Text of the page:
Friday, August 23, 2013

Eight Goals for Making the School Year a Great One

Are you ready for the school year? Desert Boy has been in school for over a week, and I still don't feel quite ready!

Thinking about the school year ahead made me realize that this may be a really good time to make some goals as a parent. Writing them down makes me feel more accountable (which is why I shared my New Year's Resolutions and check in on them periodically.)

Here are some of our goals. I hope you'll leave yours in the comments, as we're still new to this school business, with Desert Boy only in first grade, and it's so helpful to find out what works for other people.

Goals for making the school year a great one

1. Get homework done right away. Desert Boy brings homework home Monday through Thursday, and if we don't get to it right away, it gets forgotten. Like last night. Then he scrambled to get it done this morning while he was waking up and trying to eat his breakfast and telling me what he wanted in his lunch. It wasn't pretty. So we are working to do better. Organization means happier students and parents!

2. Healthy food = healthy mind. Some of the most common artificial food colorings have been shown to cause hyperactivity in kids. Caramel coloring may cause cancer. Too much sugar can cause diabetes and other problems. Yet huge food companies entice us with their advertising to buy their unhealthy but attractively packaged products. This year I'm fighting back, trying to pack as healthy of lunches as possible. Homemade soups (check out the ingredients on Campbell's soups and you may be surprised to find MSG a regular ingredient, as well as caramel coloring!), healthy leftovers from dinner the night before, peanut butter and homemade jam sweetened with juice or honey, lots of fruits and veggies, popcorn, hard-boiled eggs, cheese, healthy muffins (which can be frozen), and frozen smoothies are making their way into the lunchbox. My son is delighted. We've found some reusable Bugsella sandwich/snack holders to cut back on plastic bags, use silicon popsicle and cupcake holders, and try to limit the trash that each lunch creates. Basically it's going old-school--not so different from when I was a kid! Hopefully all this good food will mean that he will keep up a healthy energy level during school.

3. Outside time everyday. Kids spend most of their time indoors at school, and even with outside recess time, they need some more outside time. Sometimes I have to demand that my children go outside because they've gotten enthralled with some game (or often the computer--see next goal!). Once they're outside, magic happens, every time. They find something to do. Suddenly sticks and rocks take on a whole new face, and they're being creative. Outside times equal rejuvenation of the body, mind, and spirit, and more willingness to learn once they're back in the classroom.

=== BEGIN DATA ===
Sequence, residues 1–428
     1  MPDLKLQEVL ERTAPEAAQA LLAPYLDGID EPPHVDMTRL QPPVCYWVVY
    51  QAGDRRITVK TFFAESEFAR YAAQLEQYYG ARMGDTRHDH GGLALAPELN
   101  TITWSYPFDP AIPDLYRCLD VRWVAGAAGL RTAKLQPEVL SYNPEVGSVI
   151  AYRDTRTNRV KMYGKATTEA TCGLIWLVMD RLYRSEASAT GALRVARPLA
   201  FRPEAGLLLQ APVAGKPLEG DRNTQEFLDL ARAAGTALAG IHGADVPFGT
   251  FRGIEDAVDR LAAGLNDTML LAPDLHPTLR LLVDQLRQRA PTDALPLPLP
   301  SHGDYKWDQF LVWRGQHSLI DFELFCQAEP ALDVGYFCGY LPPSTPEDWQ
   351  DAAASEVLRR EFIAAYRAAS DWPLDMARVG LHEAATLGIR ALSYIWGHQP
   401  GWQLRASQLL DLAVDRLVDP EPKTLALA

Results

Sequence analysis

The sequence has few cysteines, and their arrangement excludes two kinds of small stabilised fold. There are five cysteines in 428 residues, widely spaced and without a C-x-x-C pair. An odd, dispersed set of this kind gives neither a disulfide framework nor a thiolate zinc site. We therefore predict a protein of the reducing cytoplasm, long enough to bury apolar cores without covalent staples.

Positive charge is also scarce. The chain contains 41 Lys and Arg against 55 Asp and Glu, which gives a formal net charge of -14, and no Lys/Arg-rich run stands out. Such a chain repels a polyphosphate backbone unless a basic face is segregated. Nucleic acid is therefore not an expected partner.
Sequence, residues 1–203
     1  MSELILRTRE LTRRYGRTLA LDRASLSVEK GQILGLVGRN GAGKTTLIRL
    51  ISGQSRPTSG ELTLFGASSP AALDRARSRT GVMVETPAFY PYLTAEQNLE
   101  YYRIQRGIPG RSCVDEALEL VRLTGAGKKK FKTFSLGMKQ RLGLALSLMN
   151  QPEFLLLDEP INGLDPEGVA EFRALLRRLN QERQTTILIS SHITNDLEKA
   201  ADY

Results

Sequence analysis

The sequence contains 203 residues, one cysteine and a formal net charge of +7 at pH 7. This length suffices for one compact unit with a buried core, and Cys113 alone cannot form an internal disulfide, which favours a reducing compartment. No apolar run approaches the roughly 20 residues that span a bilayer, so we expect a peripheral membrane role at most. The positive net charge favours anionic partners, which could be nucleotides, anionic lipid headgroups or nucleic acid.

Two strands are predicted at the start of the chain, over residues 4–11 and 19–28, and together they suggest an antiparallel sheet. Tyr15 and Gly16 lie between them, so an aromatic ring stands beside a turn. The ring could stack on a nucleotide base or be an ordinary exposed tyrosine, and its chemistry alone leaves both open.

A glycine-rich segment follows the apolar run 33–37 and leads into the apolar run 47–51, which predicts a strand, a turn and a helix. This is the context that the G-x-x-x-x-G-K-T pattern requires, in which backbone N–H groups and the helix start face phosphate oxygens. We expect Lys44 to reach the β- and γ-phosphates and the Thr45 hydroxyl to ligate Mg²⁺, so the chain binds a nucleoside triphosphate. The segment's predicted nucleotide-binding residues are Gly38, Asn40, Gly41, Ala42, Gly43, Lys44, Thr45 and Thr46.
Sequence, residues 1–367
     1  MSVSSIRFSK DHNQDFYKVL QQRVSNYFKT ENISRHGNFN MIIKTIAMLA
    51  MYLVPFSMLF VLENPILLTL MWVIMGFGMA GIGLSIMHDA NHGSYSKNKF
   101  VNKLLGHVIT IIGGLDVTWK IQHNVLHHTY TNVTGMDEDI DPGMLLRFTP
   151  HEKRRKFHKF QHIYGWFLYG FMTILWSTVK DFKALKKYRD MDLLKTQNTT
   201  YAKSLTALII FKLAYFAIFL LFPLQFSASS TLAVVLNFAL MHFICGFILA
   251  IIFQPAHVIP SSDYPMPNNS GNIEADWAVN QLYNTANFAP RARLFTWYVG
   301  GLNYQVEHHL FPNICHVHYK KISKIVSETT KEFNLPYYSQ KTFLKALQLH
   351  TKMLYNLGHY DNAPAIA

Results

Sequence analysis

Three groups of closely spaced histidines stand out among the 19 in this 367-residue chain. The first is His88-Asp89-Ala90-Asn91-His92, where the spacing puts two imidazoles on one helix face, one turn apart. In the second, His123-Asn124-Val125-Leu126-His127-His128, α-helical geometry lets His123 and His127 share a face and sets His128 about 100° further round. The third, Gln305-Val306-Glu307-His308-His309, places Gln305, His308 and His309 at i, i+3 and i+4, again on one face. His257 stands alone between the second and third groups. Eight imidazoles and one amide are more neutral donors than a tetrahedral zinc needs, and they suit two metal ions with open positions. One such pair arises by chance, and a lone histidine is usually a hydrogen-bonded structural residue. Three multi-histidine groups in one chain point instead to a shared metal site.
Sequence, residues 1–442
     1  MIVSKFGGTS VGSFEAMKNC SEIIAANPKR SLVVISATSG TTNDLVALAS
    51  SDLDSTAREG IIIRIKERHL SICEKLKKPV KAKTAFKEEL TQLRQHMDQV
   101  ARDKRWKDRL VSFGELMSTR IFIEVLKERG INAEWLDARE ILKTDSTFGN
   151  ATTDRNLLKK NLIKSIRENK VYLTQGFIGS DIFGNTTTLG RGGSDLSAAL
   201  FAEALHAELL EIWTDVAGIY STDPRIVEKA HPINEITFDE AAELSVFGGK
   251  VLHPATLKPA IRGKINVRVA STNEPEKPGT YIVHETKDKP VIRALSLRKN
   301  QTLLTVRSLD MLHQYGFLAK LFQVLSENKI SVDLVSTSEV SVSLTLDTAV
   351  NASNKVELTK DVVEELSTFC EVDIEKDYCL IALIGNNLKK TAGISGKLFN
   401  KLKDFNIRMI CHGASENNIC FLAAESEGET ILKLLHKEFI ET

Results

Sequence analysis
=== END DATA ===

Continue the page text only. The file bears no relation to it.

4. Limit screen time. I never realized how hard it would be to pull my kids away from the computer and TV screen. We rarely watch TV, but even so, the combined time of being in front a screen is amazing. We've just instituted a new system. Desert Boy can earn a token worth 15 minutes of screen time for doing various chores. Simple ones like straightening his room, vacuuming or sweeping a room, or emptying the dishwasher are worth one token. More complex ones are worth more. He can earn as many tokens as he wants in a day, but can only redeem up to four per day. He's grumbled occasionally, but overall it's been a win-win. The house is slightly cleaner, and his time is reduced on the computer. We'll have to see if this system works for the long term. Having him learn to take more responsibility and manage his time should be invaluable lessons as he continues in school.

5. Homeschool. I don't homeschool in the traditional sense. I enjoy working part-time outside the house, and I really don't feel like I have the patience or education to give my children the quality of education they receive at the local public school. However, I do homeschool after school and on the weekends. We are always looking for ways to reinforce what Desert Boy learns at school and to enhance his learning on subjects outside the curriculum. (Check out our science experiment series!) We especially try to take advantage of special programs, concerts, and trips.
One of our fun science experiments--this one stuck in our
memories due to the potential mess factor!
6. Spend at least two hours a month in the classroom. Throughout Desert Boy's kindergarten year, I had this same goal, and it was amazing how much I learned about class dynamics and how kids learn by spending a little time in the classroom each month. I would like to spend even more time, but the teacher assured me that even this limited contribution was really appreciated. My son got really excited when it was one of my days to come visit the school, and that helped him like it even better.

7. Be encouraging. It's amazing how a few kind words, a smile, or a hug can improve someone's day. We can make our kids feel better after a tough day at school, show them by being a role model that sometimes it takes awhile to learn a hard concept, and encourage them to do their best.

8. Savor the moment. Do you take a first-day of school photo and then wonder how the kids have grown so much in the last year? Sometimes it can be hard to slow down and just live in the moment. I know I struggle with it almost daily. However, that's one of the most rewarding challenges. Kids are having little "ah-ha" moments every day, when something suddenly makes sense and they understand another little part of the world. Being there for that or hearing about it on the day it happened is something you don't want to miss.
What else helps you have a great school year?

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